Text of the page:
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I just can't figure out what's wrong with this...

#!/usr/bin/env python
#
#       Bugs.py
#       

from __future__ import division

# No Module!
if __name__ != '__main__': 
    print "Bugs.py is not meant to be a module"
    exit()

# App
import pygame, sys, random, math
pygame.init()

# Configuration Vars
conf = {
    "start_energy": 50, 
    "food_energy": 25, 
    "mate_minenergy": 50, 
    "mate_useenergy": 35, 
    "lifespan": 300000
}

class Bugs:
    def __init__(self):
        self.list  = []
        self.timers= {}
        # Names / colors for sexes
        self.sex = ["Male", "Female"]
        self.color = ["#CBCB25", "#A52A2A"]
        # Bug info tracking
        self.bugid = 0
        self.buginfo = {"maxgen":0, "maxspeed":0}

    def new(self, x=False, y=False, sex=2, speed=0, generation=0, genes=[]):
        sex   = sex   if not sex   == 2 else random.randint(0,1)
        speed = speed if not speed == 0 else random.randint(1,3)
        # Create new bug object
        self.bugs.append(BugObj(sex, speed, generation, bugid, pygame.time.get_ticks, genes))
        # Make sure it has a timer
        if not self.timers[speed]:
            self.timers[speed] = 1
            pygame.time.set_timer(25 + speed, 1000 / speed)
        # Update info tracking variables
        if speed      > self.buginfo["maxspeed"]: self.buginfo["maxspeed"] = speed
        if generation > self.buginfo["maxgen"]  : self.buginfo["maxgen"]   = generation
        self.bugid += 1

    def speed_count(self, speed):
        a = 0
        for i in list[:]:
            if i.speed = speed:
                a += 1
        return a

class BugObj:
    def __init__(self, sex, speed, generation, bugid, born, genes):
        global conf
        self.sex        = sex
        self.speed      = speed
        self.generation = generation
        self.id         = bugid
        self.born       = born
        self.genes      = genes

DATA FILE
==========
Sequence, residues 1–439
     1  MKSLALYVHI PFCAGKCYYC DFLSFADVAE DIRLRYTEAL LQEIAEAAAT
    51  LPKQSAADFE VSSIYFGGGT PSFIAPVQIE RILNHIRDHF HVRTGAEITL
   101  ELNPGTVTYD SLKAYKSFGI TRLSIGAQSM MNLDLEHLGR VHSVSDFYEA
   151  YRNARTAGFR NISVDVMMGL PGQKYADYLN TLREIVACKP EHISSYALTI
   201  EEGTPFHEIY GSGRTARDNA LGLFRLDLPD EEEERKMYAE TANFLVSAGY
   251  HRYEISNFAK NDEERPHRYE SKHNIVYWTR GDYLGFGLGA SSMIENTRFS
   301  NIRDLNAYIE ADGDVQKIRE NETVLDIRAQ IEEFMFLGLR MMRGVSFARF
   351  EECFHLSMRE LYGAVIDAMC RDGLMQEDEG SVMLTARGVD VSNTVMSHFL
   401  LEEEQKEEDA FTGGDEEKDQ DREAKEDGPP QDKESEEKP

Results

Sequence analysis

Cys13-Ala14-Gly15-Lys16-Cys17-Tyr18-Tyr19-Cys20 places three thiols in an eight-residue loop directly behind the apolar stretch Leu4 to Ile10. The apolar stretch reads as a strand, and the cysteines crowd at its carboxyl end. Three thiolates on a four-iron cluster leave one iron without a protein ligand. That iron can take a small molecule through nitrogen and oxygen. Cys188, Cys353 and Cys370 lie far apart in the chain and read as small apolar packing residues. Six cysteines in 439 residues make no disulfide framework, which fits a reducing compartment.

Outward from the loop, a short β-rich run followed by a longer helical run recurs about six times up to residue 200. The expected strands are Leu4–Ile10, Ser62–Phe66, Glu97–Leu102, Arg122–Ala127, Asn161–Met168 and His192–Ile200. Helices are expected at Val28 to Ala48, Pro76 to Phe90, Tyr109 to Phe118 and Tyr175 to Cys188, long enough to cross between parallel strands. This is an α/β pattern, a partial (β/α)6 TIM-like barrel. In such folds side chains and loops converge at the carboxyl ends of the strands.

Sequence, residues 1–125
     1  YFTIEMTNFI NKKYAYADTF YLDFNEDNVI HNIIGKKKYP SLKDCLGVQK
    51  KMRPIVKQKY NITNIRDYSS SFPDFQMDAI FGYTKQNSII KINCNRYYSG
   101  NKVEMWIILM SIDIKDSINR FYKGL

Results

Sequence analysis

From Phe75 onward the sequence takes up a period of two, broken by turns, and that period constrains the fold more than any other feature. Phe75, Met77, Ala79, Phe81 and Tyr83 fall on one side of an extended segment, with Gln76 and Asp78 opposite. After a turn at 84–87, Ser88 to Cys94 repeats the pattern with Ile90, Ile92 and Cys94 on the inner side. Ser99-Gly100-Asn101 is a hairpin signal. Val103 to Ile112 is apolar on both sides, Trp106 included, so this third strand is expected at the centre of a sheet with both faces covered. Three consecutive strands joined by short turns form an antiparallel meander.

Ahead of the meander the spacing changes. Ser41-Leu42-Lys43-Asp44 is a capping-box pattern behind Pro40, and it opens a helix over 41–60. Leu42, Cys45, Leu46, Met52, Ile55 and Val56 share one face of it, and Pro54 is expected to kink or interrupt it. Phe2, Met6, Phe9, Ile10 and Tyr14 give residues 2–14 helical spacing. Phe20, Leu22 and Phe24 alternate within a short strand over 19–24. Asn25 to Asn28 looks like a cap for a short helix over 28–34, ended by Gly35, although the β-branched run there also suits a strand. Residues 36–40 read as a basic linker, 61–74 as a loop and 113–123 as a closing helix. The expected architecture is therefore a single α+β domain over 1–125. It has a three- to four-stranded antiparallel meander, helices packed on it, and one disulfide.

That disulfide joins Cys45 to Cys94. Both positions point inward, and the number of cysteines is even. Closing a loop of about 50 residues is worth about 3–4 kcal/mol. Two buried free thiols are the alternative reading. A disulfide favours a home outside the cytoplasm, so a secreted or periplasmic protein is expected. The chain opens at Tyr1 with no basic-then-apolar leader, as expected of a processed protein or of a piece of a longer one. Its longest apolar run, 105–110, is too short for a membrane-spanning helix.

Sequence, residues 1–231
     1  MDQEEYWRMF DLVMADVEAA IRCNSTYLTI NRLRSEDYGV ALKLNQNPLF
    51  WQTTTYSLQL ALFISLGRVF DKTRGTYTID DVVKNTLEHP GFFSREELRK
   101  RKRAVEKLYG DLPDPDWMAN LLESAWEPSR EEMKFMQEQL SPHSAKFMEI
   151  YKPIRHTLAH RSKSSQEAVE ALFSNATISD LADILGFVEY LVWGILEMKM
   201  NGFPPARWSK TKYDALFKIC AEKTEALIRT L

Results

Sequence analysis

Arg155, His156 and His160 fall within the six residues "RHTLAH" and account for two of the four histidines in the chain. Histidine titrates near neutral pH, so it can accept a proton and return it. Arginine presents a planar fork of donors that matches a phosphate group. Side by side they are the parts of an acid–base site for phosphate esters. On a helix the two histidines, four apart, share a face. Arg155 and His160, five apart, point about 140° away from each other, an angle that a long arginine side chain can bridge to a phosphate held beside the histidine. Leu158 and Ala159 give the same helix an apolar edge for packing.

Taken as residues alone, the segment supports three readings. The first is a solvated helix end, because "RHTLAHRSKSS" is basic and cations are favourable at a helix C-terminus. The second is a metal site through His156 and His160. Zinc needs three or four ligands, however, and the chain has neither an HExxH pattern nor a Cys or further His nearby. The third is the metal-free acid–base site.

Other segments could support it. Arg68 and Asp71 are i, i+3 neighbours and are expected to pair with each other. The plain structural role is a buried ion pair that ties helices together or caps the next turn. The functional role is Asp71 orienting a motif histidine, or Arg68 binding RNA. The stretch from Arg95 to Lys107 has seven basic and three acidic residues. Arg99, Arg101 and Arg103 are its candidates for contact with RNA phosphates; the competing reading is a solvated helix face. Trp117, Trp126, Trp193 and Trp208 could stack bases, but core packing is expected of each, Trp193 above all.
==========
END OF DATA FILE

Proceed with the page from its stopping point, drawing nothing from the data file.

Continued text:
self.died       = -1
        self.energy     = conf["start_energy"]
        self.target     = "None"

    def update(self):
        global conf
        if self.age() > conf["lifespan"]:
            self.die()
        else:
            f = closest_food()
            m = closest_mate()
            # If there's a potential mate
            if m != 0 and self.energy > conf["mate_minenergy"]:
                if not self.rect.colliderect(m.rect):
                    self.move_toward(m)
                    self.target = "Mate: " + str(m.rect.center)
                else:
                    Bugs.mate(self, m)
                    self.target = "Mate: (Reached)"
            elif f != 0:
                if not self.rect.colliderect(f.rect):
                    self.move_toward(f)
                    self.target = "Food: " + str(f.rect.center)
                else:
                    self.eat(f)
                    self.target = "Food: (Reached)"
            else:
                self.target = "Resting"
            # Use energy
            self.energy -= 0

    def closest_food(self):
        pass

    def closest_mate(self):
        pass

    def age(self):
        if self.died != -1:
            return pygame.time.get_ticks - self.born
        else:
            return self.died - self.born

    def die(self):
        # Remove self from the list
        Bugs.list.remove(self)
        # Turn off timer
        if not Bugs.speed_count(self.speed):
            Bugs.timers[self.speed] = 0
            pygame.time.timers(25 + self.speed, 0)
        # Bye!
        del self

class Food:
    def __init__(self)
        pass

    def update(self)
        pass

# Update Loop
while 1:
    ev = pygame.event.wait()
    speed = ev.type - 25
    if speed > 24:
        for i in Bugs.list[:]:
            if i.speed = speed
                i.update()
                print "Updating bug #" + str(i.id)
    if speed == 0:
        Food.update()

I get the following every time:

  File "Bugs.py" line 53
    def new(self, x=False, y=False, sex=2, speed=0, generation=0, genes=[]):
                                                                           ^
Indentation Error: unindent does not match any outer indentation level
share|improve this question
    
Nothing apparent to the eye. As suggested in responses, probably a matter of mixed tabs/spaces. Or something from the Gods, unhappy about ALife projects ;-) –  mjv Nov 10 '09 at 22:45
1  
this is not the code you're running. you don't have def new on line 53 (it's on line 37), this posted code produces SyntaxError on line 54. –  SilentGhost Nov 10 '09 at 23:03
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8 Answers 8

It's possible that you have mixed tabs and spaces in your file. You can have python help check for such errors with

python -m tabnanny <name of python file>
share|improve this answer
    
I've tried that, got Bugs.py 31 ' self.sex = ["Male", "Female"]\n' checked the tabs/spacing and it seems to be fine –  Rob Nov 10 '09 at 22:53